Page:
The question of the relation of language to voice traces back to Aristotle’s De interpretatione, with its definition of speech as the sign of thought, and writing the sign of speech. In Jacques Derrida’s account of this phonologocentric model, voice is the ligature of “phōnē and logos,” securing their essential proximity. But if voice is only a mediation, then, as Barbara Johnson writes, voice is no longer “self-identity but self-difference.” Paradoxically, the voice marks the singular but is itself plural, sweeping the self up into an ever-ramifying play of differentiation. As David Lawton proposes, “voice is both a signature, ‘I,’ singularity, and a clear marker of difference, ‘not I,’ multiplicity”.
Recent work in the field of disability studies by scholars like Ato Quayson (2007), Tobin Siebers (2010), Maren Linett (2016), and Suzannah Biernoff (2017) has considered modernism’s appropriation of disabled bodies. This seminar thus seeks to better understand the role of disability in modernist literary and visual aesthetics. In particular, we encourage papers that consider how writers and artists borrowed from, mimicked, or otherwise recast disability as uniquely modernist literary and artistic subjects. Secondly, this seminar is interested in the ways modernism was cast as disabled in varied attacks on its aesthetic projects.
“Post-Political Critique and Literary Studies”
Call for Papers for ACLA 2020 Seminar (Chicago, 19-22 March 2020)
This seminar seeks papers that reflect on the analytical bridges that might exist between post- political theory and literary studies. The main question the seminar aims to answer is the following: Decades after everything was declared to be political, what are the affordances, triumphs, and pitfalls of a post-political theory of literature?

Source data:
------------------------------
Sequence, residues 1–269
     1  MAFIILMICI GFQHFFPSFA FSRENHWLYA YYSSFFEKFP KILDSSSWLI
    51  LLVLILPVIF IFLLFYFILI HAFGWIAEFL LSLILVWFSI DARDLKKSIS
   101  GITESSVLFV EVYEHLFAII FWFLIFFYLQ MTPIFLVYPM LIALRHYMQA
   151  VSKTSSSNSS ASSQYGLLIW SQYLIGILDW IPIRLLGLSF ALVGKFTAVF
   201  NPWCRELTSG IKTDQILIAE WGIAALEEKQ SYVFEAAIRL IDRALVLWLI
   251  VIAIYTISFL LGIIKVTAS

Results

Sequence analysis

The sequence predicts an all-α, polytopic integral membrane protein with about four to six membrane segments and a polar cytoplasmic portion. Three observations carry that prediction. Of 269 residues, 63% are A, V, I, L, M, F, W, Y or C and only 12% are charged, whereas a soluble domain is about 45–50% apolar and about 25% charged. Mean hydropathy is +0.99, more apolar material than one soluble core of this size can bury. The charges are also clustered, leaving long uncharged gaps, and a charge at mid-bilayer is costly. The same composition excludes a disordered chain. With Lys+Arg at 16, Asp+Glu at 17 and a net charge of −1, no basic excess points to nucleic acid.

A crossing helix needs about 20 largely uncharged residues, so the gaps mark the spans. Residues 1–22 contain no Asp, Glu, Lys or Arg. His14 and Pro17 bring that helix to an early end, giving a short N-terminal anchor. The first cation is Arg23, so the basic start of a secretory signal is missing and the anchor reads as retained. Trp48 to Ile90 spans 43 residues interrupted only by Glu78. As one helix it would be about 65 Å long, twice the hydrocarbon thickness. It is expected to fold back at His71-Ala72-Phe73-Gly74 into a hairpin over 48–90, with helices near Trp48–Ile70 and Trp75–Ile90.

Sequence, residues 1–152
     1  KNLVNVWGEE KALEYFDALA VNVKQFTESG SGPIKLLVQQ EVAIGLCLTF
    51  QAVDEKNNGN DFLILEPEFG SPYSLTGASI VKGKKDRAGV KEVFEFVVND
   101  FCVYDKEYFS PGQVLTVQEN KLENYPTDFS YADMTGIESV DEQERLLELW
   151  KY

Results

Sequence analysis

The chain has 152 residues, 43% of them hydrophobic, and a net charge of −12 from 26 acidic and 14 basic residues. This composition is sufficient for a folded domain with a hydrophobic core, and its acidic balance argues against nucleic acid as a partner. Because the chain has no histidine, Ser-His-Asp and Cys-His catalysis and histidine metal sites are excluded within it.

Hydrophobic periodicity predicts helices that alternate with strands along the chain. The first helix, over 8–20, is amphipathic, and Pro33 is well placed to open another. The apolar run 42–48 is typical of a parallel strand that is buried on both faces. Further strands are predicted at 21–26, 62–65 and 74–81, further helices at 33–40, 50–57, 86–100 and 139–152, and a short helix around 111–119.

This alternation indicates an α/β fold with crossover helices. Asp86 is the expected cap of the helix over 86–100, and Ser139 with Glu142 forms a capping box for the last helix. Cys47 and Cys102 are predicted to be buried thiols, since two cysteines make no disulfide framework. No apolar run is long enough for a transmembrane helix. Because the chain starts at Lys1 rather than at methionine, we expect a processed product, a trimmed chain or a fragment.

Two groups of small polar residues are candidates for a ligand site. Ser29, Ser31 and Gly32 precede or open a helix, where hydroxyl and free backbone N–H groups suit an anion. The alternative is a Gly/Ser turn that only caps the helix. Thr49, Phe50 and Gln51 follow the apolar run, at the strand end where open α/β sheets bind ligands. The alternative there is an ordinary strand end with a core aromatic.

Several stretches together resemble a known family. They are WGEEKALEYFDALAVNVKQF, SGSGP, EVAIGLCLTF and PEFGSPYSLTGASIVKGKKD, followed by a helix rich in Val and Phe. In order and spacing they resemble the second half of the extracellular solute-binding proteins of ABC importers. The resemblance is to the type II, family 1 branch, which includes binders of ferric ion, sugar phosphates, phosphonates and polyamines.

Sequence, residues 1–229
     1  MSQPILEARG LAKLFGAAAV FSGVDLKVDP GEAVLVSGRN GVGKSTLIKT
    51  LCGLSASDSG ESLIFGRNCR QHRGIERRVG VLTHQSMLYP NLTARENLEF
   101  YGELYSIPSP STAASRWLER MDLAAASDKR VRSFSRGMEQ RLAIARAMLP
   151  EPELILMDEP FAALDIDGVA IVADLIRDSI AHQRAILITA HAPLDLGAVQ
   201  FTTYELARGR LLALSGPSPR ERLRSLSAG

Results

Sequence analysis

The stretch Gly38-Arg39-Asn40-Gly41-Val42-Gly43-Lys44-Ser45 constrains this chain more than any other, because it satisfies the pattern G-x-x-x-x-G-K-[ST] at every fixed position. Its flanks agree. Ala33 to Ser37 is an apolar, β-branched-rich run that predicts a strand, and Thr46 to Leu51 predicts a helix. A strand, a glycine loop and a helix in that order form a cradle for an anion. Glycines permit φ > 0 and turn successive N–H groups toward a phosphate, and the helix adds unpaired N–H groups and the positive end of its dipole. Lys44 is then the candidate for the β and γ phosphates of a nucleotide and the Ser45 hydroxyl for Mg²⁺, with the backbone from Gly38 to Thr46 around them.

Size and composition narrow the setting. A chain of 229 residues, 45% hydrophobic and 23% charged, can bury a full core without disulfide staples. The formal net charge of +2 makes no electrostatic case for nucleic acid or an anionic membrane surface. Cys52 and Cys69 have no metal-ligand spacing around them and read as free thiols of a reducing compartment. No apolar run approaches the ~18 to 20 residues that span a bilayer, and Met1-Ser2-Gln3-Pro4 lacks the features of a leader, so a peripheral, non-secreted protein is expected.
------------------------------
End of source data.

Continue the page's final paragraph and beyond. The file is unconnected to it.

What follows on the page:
Following the success of previous ACLA seminars, “The Story of Memory: Remembering, Forgetting, and Unreliable Narrators” and “The Story of Remembrance: The Future of Memory and Memories of the Future” in 2018 & 2019, this seminar invites paper proposals to discuss the relationship between memory and photography and its representation in literature and film.
The American Comparative Literature Association's 2020 Annual Meeting will take place at the Sheraton Grand Hotel in Chicago, March 19th-22nd, 2020.
Organizer: Desmond Harding
Co-Organizer: Nicole Sparling Barco
Emerging Subjects: Transnational Modernism and the Urban Imaginary
The Carson McCullers Society is pleased to announce an open call for panel papers on any topic related to the life and works of Carson McCullers for one of two guaranteed panels at the American Literature Association (ALA) conference in San Diego, California, on May 21-24, 2020. Papers that approach McCullers’ works from interdisciplinary, comparative, and disability or gender studies perspectives are especially sought; however, all topics will be considered.
Pulp magazines were a series of mostly English-language, predominantly American, magazines printed on rough pulp paper. They were often illustrated with highly stylized, full-page cover art and numerous line art illustrations of the fictional content. They were sold at a price the working classes could afford, though they were popular with all classes, including president Woodrow Wilson. The earlier magazines, such as All-Story, were general fiction magazines, though later they diversified and helped solidify many of the genres we are familiar with today, including western, detective, science fiction, fantasy, horror, romance and sports fiction.
Giorgio Agamben is one of the most compelling contemporary theorists of literature. Yet despite ever intensifying interest in Agamben’s work, his studies of literature and poetics remain a less explored dimension of his corpus. This seminar seeks spirited contributions that engage with Agamben’s reflections on literary texts, as well as those mobilising the concepts and interests of his aesthetics into new readings. Papers addressing the connections between literature and other aspects of Agamben’s thought (such as sovereignty and biopolitics) are welcome, as are explorations of his writing’s intellectual and historical contexts – including its affinities with the work of thinkers such as Benjamin, Blanchot, Foucault, Derrida, de Man and Hamacher.
Clerks, bureaucrats, copyists, scriveners, archivists, bookkeepers – they are, along with the repositories of written facts they work and sometimes live in, organs of the greater corpus of the archive. This human machinery of archons (Derrida) is hidden in full display, at once peripheral and essential to the archive, managing its material flows, embodying the Law, maintaining and guarding the archive’s very possibility of existence.